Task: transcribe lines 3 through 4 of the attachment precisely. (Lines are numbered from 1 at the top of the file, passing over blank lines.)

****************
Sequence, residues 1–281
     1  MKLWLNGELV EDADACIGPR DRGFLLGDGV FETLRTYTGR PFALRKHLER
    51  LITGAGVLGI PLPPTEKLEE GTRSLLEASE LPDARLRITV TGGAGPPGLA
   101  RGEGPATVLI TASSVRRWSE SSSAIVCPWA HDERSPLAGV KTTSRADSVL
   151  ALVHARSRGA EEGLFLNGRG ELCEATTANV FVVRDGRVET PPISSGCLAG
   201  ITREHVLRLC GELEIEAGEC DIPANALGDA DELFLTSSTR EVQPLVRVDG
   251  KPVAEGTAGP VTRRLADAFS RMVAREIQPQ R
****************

    51  LITGAGVLGI PLPPTEKLEE GTRSLLEASE LPDARLRITV TGGAGPPGLA
   101  RGEGPATVLI TASSVRRWSE SSSAIVCPWA HDERSPLAGV KTTSRADSVL